Have you ever heard the story of the 1938 radio broadcast The War of the Worlds? Supposedly, in October of that year, a young Orson Welles (before he became a legend for Citizen Kane) directed a radio adaptation of the H.G. Wells’ novel (before it became a legendary bad movie with Tom Cruise). But he had made the broadcast so realistic that some listeners were unaware that this was a fictional show. They really thought that they were listening to a news bulletin about aliens invading earth and supposedly ran around the streets in a panic. I learned about this fact/urban legend back in grade school and recall thinking at the time, “What dumbasses… Who’d believe a story like that? Aliens? Really?”
Flash forward to this past Friday, when I read via the Dominican sports news website Impacto Deportivo that the Chicago White Sox had signed Octavio Dotel to a two-year, $11m deal. I recall thinking at the time, “What dumbasses… Who’d believe a story like that? Dotel for 2-years and $11 million? Really?” My skepticism was such that I e-mailed the other UmpBump writers with the “news”:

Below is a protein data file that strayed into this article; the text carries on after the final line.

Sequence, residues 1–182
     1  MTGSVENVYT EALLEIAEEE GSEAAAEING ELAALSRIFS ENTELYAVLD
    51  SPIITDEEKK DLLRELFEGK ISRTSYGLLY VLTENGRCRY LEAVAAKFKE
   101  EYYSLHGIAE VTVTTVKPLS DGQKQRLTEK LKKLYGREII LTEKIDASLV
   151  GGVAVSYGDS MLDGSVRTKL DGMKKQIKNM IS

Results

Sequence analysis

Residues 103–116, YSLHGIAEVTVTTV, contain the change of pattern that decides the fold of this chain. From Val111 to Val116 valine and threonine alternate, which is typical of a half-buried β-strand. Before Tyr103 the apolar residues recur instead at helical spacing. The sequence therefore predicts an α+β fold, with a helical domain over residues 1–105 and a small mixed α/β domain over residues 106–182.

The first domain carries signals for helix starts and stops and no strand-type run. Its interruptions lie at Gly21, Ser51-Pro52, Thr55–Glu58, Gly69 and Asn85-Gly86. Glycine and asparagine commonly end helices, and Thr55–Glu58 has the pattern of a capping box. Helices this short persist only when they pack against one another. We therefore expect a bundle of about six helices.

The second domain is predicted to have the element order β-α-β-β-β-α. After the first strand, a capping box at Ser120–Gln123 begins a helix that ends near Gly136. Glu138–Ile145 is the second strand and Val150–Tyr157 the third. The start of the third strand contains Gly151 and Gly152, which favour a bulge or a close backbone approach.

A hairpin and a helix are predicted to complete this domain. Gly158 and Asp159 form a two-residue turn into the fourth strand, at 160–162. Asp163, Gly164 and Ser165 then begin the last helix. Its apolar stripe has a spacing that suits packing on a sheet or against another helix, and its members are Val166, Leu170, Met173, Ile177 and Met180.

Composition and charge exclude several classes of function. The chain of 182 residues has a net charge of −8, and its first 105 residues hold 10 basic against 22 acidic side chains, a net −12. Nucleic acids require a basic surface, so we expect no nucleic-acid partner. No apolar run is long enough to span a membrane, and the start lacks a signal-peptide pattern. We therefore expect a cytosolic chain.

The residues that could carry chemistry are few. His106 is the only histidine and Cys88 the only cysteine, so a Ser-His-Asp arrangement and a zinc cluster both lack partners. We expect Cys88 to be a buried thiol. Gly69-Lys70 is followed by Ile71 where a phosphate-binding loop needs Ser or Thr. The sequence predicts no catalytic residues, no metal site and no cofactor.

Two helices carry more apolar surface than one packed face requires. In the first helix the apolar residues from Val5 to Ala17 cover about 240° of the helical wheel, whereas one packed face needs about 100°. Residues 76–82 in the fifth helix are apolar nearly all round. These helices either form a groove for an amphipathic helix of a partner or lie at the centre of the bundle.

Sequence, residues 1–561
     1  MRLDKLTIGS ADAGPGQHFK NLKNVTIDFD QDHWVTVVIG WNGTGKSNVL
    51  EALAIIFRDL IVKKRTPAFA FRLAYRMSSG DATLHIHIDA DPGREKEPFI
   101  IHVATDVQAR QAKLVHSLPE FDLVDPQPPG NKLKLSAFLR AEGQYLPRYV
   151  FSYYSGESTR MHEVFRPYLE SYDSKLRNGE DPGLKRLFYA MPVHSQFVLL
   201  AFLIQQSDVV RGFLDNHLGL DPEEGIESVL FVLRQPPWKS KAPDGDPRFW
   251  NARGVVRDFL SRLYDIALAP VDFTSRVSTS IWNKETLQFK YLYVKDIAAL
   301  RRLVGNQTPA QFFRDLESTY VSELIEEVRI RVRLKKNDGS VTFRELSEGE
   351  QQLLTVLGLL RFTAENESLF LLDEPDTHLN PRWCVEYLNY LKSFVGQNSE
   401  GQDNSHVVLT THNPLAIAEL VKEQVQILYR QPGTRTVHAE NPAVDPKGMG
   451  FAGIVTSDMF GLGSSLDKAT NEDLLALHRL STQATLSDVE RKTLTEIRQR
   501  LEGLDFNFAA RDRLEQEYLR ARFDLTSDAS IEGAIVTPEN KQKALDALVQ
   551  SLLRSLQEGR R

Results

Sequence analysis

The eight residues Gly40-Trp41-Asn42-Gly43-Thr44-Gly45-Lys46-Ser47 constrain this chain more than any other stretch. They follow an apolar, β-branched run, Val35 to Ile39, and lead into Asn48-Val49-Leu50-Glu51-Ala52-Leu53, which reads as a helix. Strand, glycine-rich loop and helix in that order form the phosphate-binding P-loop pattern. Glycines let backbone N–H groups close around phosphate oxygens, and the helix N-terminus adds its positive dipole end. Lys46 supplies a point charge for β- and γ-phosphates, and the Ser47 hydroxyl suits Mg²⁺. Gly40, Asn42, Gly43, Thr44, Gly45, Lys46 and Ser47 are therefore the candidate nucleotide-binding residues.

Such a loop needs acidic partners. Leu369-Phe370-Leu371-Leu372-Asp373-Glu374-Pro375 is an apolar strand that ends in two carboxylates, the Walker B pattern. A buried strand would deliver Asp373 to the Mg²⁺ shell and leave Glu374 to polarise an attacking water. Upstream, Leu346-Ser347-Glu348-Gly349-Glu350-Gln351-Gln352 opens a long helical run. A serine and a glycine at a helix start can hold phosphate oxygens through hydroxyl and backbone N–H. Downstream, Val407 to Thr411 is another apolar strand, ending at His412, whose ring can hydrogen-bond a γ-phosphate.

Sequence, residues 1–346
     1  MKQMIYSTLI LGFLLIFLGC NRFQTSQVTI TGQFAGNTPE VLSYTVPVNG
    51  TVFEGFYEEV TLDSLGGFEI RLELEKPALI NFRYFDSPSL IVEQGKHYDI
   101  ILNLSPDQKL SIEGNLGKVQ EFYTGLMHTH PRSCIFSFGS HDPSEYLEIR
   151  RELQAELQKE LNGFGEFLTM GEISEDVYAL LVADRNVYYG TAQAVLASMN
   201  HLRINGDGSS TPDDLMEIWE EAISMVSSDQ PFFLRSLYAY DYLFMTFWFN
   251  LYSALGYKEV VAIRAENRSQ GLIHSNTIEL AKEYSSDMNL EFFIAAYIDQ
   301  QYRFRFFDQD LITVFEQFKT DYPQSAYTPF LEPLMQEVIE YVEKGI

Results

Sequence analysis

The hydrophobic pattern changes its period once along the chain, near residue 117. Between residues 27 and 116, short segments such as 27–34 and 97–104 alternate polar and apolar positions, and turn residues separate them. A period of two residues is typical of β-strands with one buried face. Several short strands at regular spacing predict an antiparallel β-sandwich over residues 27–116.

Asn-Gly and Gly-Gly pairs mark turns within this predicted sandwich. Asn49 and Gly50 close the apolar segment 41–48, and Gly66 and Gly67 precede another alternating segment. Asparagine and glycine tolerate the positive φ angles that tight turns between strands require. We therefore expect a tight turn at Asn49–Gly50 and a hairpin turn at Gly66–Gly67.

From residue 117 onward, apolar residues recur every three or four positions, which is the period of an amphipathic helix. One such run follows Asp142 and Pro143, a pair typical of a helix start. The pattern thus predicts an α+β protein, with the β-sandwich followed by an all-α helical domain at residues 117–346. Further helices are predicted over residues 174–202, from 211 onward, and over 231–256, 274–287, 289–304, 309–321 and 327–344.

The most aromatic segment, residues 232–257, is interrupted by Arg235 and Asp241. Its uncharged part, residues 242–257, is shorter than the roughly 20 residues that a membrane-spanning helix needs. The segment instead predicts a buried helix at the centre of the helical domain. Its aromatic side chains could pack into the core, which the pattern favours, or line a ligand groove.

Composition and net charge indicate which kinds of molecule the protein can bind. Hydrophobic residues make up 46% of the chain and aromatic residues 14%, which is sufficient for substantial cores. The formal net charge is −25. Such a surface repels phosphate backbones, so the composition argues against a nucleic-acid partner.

From: Paul Moro
To: UmpBump Staff
I’m not sending this link along because I think it’s true. I’m sending this along because:
1. The advertisement makes it impossible to actually read the damned story
2. It’s funny to think that the White Sox would actually pay $11m for two years of perennially injured Octavio Dotel after signing Scott Linebrink to $19m/4
3. It actually ends the story with the word “Congratulations”. And that makes me smile.
Well, it appears I now have a ham and egg on my face. Thanks, Ken Rosenthal.
But in my defense, who actually thought that Octavio Dotel would get a guaranteed multi-year deal for that much money? This is a reliever who has pitched 56 innings combined in the last three seasons. Did you catch that? 56 innings. Total. Last three years. And you know what he did in those 56 innings? He compiled a 5.14 ERA thanks in large part to the fact that he walked 5.5 guys per nine innings pitched. Who gives a guy like him a two-year $11 million deal? Who does this?
Well, Kenny Williams, apparently. And even though I’ve been critical of him before, I’m still left wondering as to whether or not I over-estimated him, or under-estimated his level of delusion. Or maybe I over-under-estimated him.